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London Film Festival Review: Fifty


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Fifty follows a few days in the lives of four Nigerian women. They are doing well in their careers whilst trying to contend with family issues and personal crises.

For the most part, they live in an upper middle-class neighbourhood in Lagos. One is a reality TV star who has a dark secret in her marriage. Another is an obstetrician with a complicated relationship with her daughter.Then there’s the woman who is approaching 50, though manages to become pregnant (and during an affair, too). And lastly, a woman with a long-term illness and a strong religious persuasion.

Twenty-first century Africa is rarely seen onscreen like this, and it's to director Biyi Bandele’s lasting credit that he has made a drama that refuses to conform to clichéd Western-focused views of African life.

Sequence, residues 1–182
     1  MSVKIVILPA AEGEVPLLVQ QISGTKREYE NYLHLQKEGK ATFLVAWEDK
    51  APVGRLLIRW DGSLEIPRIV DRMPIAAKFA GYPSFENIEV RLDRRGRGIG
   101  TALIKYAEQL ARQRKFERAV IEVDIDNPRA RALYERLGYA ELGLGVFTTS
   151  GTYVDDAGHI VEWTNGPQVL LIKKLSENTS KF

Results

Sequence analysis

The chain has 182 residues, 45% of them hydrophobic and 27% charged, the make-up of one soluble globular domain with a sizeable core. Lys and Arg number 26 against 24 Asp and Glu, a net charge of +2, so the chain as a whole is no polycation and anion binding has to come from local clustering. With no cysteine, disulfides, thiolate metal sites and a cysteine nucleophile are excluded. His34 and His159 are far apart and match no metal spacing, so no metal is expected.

Having said this, the pace is too meandering, occasionally to a patience-testing extent and the production values would make an episode of Hollyoakes seem cinematic. Nevertheless, this is an interesting piece of work and one that handles a large group of female characters of varying ages in a much better way than most Hollywood products that hit our screens.  

Fifty will screen at the BFI London Film Festival this October. General UK release is to be confirmed at a later date.

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